“I swear I wanna lock him up. I swear I wanna lock him up.”

The U.S. has trained its citizens well into buying into the myth that the criminal justice system, that locking people up, is a panacea for crime, and for other social ills.  Earlier today I overheard a woman talking on her cell phone using this refrain: “I swear I wanna lock him up.  I swear I wanna lock him up.”  I don’t know why she wants this individual locked up, or what he has done that might warrant being locked up.”  I do know though that oftentimes people look to the criminal justice system, to locking people up, as their first response, and not just to crime.

Working with people impacted by the criminal justice system, and knowing countless people impacted by the criminal justice system, of having been locked up, there is this recurring theme: women in intimate relationships with men who have been in prison, who are on or off parole, will use that fact against them in cases where the only “crime” that happened was he broke their heart.  I want to talk about one case in particular.

A young man spend about 20 years in prison, having been imprisoned as a teenager. He gets out, had married his childhood sweetheart while they were in prison.  Unlike most prison marriages, this was not a marriage of convenience.  They had previous history, that is, they knew each other before his imprisonment.  While he was in prison he had conjugal visits, from which they had two children.  This was a young man who truly cared about his family.  In any event, he’s released from prison.  Parole does not let him live with his wife, so he has to go live with his mother.  A couple of months pass before Parole allows him to change his residence and live with his wife and children.  Things quickly go wrong in Paradise.  Although they did everything humanly possible to be a family while he was in prison, still, they lived parallel lives.  While he was in prison, his wife raised the kids.  They were used to her parenting style.  He joins his family and immediately assumes the role of father and provider.  The oldest, a girl, a teenager, immediately has problems with his parenting style, with his restrictions, calls him a “drill sargeant.”  He is highly disciplined, in part as a result of more than two decades of imprisonment.  What he doesn’t realize is that, in his absence, the family had roles.  He couldn’t return and state his role and impose it on them.

In any event, he and his wife separates.  He becomes involved with other women.  The first knows about his criminal justice status.  He is on parole, after having spent more than two decades in prison.  He’s a good man who needs to find his way in this world after living in the world of prison.  She falls in love with him, and they have many good moments together.  About two years into their relationship, things are not as good between them.  There is another woman, but there are also things between them.  She wants to control him.  He wants to be free, despite being on parole.  One thing leads to another, that is, he breaks up with her.  She tries everything in her power to reconcile, but he has moved on with another woman.  She calls his parole officer, tells her that he hit her.  He is instructed to immediately report to the parole office to see his parole officer.  Despite the fact that he is doing well otherwise, that is, professionally, and nothing like this has come up the four years he has been on parole, his parole officer is ready to lock him up.  Who knows what was going on in his ex-girlfriend’s mind to call in Parole.  She realizes that they are going to lock him up, and that’s not what she wants.  She wants him back.  She confesses to Parole that he never hit her, that he broke up with her and broke her heart.  At this point the Field Parole Officer’s supervisor, a male, is brought in.  The ex-girlfriend is very attractive, and the Senior Parole Officer hits on her, tells her that this is a problem with many men who have been in prison, they don’t know how to treat or appreciate a good woman.  He tells her that he’s heard this story many times, and that the women have second thoughts or regrets, and recant.  She tells him that truly, her ex hasn’t hit her, only broke her heart.  Parole still wants to lock him up.  She says she would not cooperate in any shape, form or fashion in locking him up.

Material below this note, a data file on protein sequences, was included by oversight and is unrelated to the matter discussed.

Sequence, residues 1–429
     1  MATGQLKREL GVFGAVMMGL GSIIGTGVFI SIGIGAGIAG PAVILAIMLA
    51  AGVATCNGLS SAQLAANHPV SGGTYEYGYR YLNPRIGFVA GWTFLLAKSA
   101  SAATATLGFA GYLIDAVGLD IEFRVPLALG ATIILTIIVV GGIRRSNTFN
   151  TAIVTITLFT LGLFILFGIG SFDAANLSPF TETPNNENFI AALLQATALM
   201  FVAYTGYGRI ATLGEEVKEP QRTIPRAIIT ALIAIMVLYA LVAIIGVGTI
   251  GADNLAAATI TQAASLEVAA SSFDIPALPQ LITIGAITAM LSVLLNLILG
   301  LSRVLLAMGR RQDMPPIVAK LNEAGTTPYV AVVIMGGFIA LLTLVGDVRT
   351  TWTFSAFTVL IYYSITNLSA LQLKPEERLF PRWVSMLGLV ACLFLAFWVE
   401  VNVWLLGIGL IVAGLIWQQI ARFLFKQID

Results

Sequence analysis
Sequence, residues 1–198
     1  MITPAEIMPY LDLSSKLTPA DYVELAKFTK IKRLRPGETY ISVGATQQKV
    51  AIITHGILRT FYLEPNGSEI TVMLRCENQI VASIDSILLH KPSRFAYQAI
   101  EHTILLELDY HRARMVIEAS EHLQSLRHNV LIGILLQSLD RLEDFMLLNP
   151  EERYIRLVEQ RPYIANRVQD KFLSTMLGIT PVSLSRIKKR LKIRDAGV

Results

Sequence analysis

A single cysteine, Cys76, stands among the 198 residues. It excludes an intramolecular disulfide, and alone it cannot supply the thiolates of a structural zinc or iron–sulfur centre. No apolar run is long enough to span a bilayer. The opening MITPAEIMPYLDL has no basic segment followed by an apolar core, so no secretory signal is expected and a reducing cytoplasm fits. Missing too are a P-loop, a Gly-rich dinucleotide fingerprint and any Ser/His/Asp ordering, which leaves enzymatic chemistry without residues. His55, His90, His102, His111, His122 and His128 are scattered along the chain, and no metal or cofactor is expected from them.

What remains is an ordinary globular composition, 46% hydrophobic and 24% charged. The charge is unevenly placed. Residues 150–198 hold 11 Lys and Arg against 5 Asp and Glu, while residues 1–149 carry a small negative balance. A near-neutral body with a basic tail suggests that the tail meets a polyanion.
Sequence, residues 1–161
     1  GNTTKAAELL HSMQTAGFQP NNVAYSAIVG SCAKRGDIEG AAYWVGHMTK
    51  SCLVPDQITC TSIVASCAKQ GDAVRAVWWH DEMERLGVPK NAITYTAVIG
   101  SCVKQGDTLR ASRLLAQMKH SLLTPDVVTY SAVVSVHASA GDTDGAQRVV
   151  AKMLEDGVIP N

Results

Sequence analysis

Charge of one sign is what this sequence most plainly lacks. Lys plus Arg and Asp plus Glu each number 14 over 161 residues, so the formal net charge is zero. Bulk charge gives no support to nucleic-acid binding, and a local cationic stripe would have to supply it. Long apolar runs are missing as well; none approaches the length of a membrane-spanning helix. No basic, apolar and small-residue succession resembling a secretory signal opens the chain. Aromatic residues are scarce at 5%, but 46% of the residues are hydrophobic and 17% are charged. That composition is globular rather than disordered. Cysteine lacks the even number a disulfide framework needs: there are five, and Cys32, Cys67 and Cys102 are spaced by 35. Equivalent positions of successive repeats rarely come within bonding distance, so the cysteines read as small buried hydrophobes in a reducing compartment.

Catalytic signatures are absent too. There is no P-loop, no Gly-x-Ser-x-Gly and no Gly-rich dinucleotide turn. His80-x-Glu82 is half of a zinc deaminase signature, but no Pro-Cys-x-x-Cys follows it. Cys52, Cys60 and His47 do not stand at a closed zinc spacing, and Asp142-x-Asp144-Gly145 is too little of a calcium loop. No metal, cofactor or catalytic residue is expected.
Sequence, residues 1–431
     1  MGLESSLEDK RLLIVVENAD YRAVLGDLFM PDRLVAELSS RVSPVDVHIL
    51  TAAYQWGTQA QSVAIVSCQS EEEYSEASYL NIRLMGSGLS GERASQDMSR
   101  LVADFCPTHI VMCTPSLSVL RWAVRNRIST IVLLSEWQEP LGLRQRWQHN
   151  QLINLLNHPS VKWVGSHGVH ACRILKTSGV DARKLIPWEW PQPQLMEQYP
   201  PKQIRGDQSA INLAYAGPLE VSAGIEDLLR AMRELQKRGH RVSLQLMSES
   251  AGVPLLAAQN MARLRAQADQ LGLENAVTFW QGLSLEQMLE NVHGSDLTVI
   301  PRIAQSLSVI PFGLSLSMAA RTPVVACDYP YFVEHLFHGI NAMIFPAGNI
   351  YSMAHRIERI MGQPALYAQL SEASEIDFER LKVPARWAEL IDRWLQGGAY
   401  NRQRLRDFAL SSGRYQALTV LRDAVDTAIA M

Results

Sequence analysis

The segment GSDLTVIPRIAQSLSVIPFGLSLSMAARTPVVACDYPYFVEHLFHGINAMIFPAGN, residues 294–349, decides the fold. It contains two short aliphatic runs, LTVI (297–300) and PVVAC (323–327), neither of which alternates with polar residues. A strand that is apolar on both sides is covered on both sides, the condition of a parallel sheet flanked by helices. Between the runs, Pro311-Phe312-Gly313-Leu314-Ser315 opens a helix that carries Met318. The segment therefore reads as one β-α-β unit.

This individual was one of the lucky ones, in that he wasn’t locked up for a technical parole violation.  This is a serious problem with Parole.  Parole doesn’t give such men the benefit of the doubt, and women who make accusations against them know this. This all stems back to the fact that the U.S. has trained its citizens to call in law enforcement, to lock people up, even when they haven’t done anything to warrant being locked up.


About William Eric Waters, aka Easy Waters

Award-winning poet, playwright and writer. Author of three books of poetry, "Black Shadows and Through the White Looking Glass: Remembrance of Things Past and Present"; "Sometimes Blue Knights Wear Black Hats"; "The Black Feminine Mystique," and a novel, "Streets of Rage." All four books are available on Amazon.com.
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